Commissioner overrules DWP on ID report
ID cards' benefits a matter of public interest
The Information Commissioner's Office (ICO) has ordered the Department for Work and Pensions (DWP) to publish a report on the risks and benefits of identity cards (ID).
The department, which drew up the report on how the cards will fight identity fraud, had refused a request by the Liberal Democrats to release the report because it said it was not in the public interest.
In 2004, MP Mark Oaten called for the report to be published with commercially sensitive information removed. The DWP refused, claiming that releasing the information would make it harder to get value for money out of potential suppliers.
"Disclosure of work undertaken to date could potentially enable bidding suppliers to establish a reasonable estimate of the expected component costs applying to the work on which they are bidding, prejudicing the ability of the Home Office to achieve value for money," it said.
It also claimed that releasing the information prematurely could stop ministers and officials discussing the pros and cons of the policies.
The government lost its case when the decision went to the commissioner. Information commissioner Richard Thomas ruled that releasing the report is in the public interest.
Thomas said the information is covered by exemptions to the openness laws, but those are outweighed by the benefits of publishing the reports.
"There is clearly a strong public interest in the public knowing whether the introduction of identity cards will bring benefits to the DWP, and to other government departments, and if so what those benefits will be," he said.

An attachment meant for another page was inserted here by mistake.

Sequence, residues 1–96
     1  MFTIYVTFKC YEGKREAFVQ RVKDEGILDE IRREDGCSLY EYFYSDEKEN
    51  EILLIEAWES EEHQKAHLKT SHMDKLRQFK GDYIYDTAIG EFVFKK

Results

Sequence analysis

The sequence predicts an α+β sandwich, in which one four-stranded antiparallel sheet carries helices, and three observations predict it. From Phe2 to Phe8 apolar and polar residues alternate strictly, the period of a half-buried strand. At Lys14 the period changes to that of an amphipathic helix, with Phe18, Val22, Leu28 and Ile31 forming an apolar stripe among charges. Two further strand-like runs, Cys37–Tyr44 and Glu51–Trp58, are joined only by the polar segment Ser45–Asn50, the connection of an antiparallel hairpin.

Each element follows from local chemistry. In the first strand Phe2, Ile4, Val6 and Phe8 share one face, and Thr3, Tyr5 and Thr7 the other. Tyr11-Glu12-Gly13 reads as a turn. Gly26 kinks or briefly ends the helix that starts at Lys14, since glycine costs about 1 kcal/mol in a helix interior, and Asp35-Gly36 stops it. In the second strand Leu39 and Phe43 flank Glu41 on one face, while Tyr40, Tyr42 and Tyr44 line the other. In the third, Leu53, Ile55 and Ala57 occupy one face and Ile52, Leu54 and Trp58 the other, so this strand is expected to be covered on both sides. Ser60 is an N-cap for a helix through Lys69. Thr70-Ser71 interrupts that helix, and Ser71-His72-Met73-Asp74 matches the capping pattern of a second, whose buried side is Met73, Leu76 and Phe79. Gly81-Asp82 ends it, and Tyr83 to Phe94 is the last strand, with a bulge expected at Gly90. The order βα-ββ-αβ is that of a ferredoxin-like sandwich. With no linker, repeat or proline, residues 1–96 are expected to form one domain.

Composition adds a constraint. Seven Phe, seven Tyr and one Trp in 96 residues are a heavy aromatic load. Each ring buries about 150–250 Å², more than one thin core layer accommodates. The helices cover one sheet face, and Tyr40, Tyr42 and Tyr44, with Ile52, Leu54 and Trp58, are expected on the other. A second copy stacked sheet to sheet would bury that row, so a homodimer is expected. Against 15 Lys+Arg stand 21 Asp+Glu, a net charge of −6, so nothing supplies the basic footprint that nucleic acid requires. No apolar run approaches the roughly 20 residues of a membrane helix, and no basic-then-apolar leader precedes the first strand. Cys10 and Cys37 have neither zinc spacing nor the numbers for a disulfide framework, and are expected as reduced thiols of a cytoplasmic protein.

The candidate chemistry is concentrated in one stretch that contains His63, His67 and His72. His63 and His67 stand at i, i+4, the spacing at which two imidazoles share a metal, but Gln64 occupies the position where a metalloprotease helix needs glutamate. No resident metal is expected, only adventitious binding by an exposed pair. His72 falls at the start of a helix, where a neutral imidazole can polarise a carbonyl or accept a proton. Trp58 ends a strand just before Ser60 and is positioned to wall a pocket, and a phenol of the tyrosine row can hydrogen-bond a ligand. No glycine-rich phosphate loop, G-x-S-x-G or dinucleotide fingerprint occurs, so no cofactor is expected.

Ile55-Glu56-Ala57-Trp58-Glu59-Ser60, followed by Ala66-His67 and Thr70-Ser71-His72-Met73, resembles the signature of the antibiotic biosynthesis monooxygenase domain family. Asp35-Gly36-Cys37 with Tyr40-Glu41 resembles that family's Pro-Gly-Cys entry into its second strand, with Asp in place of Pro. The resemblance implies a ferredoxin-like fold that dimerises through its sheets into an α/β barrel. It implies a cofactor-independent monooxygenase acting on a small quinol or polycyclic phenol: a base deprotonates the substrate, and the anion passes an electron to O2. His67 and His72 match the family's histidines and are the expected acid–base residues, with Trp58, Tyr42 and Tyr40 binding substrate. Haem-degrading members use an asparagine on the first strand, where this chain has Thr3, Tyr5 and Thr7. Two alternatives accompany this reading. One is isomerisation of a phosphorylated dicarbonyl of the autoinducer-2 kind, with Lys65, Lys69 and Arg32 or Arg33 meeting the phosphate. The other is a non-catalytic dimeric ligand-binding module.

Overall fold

The government has 30 days to decide to appeal against the verdict, otherwise it must release the information under freedom of information laws.
All government departments affected by the ID scheme have drawn up reports about its long term benefits. Three feasibility reports drawn up by the DWP officials examined the potential impact on identity fraud – one of ministers' key justifications for the cards.
They also looked at the possible risks the cards could pose to the department's work.
Liberal Democrats home affairs spokesperson Nick Clegg welcomed the verdict. "It is a measure of the government's failure to justify ID cards that during the passage of the bill they never once released a full estimate of its costs and impacts," he said.
"Hopefully this decision will lead to a belated revelation of those costs and impacts on the government' of this massive scheme."
This article was originally published at Kablenet.
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